Friday, 27 June 2014

Writing is a Roller Coaster Ride.

Some You Win...

In the old days you used to get a stock rejection letter, printed on a slip of paper and sent in the post. All writers who've been writing for more than ten years will be familiar with the heart-sink moment of a slim, self-addressed envelope.

The History of My Early Publications.

My first ever acceptance was to an e-zine; a story about a star-ship captain who had lost his ship. I was paid ten dollars for this piece! So exciting! And then, quite shortly afterwards, another e-zine accepted me. This made a total of two! I was on a roll! And I was earning money - well, only ten dollars, because the second e-zine didn't pay, but still...

Then came the School Journal, which accepted two stories in quick succession and rejected two more, equally as quickly. USA based Stories for Kids accepted two more. I would be paid for all these pieces. I would be rich!

And then - nothing. For ages. I finished the novel I'd been working on for five years, and sent it off to a competition. And just for fun, I sent off another novel. Meanwhile, the School Journal stopped accepting submissions, Stories for Kids shut down and both e-zines closed.

I began to feel that I was cursed.

Getting Published

And then, one day, I got a call from Storylines saying that I'd been shortlisted for not one, but both novels. A month or so later I had another call - while I'd been unsuccessful with one story, I had actually won the competition with the other. I was flown to Auckland and harperCollins presented me with the Tessa Duder Award and a contract.

A year later my novel was published, and very quickly (and somewhat to my surprise) gained positive reviews! I was on a roll! I was shortlisted for some major awards...

And then...Yes. harperCollins didn't actually close. They down-sized. Restructured. Most of the people I'd been working with had their jobs disestablished. And they no longer wanted my sequel.

Fame and Glory?

This week I was flown up to Auckland again. This time for a glittering literary event - the New Zealand Post Book Awards.  It's the major award for New Zealand's children's writing. Held at the Town Hall, Ministers and Members of Parliament attend, as well as publishers, writers and various industry figures.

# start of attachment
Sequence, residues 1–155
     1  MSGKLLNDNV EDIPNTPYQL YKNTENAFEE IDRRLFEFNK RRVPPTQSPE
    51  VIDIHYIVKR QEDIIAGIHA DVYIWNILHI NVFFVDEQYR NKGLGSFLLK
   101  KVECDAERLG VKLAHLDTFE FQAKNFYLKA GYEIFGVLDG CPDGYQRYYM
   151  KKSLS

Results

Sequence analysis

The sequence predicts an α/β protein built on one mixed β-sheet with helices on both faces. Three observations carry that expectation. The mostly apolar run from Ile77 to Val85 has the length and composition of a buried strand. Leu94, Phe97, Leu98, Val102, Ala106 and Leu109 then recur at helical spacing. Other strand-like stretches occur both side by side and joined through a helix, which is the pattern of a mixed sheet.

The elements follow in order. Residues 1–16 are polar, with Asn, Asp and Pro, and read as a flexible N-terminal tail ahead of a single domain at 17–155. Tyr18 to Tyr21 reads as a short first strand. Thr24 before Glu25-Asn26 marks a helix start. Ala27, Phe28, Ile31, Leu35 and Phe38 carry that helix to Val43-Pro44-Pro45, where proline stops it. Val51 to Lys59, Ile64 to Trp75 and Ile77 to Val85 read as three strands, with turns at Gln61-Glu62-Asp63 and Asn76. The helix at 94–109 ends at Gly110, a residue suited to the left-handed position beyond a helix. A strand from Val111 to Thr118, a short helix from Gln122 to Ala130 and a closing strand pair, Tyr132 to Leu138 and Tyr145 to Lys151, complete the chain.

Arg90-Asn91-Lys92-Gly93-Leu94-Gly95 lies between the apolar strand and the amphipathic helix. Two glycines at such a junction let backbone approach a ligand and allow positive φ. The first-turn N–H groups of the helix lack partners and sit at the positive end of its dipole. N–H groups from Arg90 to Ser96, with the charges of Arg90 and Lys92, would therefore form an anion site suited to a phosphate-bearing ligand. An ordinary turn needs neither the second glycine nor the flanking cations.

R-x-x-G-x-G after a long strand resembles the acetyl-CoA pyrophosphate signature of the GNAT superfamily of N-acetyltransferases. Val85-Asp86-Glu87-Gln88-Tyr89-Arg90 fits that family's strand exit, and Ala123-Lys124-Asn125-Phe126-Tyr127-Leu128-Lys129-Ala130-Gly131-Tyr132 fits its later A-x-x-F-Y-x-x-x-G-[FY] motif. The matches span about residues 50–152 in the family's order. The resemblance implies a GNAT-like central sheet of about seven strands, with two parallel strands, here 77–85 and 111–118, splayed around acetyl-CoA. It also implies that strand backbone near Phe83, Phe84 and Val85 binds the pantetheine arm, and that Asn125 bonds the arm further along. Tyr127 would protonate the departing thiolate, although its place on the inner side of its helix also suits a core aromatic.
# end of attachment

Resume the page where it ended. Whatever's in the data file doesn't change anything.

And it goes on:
Somewhat to my surprise, I was awarded Best First Book for A Necklace of Souls. I received an actual financial prize!

Awards Do Not Mean Success.

However, harperCollins have confirmed they don't want the sequel. I've had contact from one agent who thinks 'I'm a wonderful writer' but she just don't have the demand for my sort of work right now. And nothing from the others.

But: Just Keep Swimming.

Last week, I got a call from an editor at the newly incarnated School Journal. It hadn't actually closed, it had just reincarnated under a different publisher. She was interested in a short story that I'd sent in nearly two years ago.

I signed the contract yesterday. I'm not sure when the piece will come out - sometimes it can be a year, sometimes it can be a month. I'll post a link to it on my website when it's published.

And I made contact with my wonderful, wonderful editor, who worked with me on Necklace. Together, we're working on a final draft of my new YA novel, which will be called Inner Fire. (More about this project later.)

What is the Point?

The point to this post is - Don't worry about rejections. Just keep writing.

Things happen in their own time.

Writing is like riding an uncertain roller coaster. Fun, exciting, terrifying and never, ever feeling certain about tomorrow.

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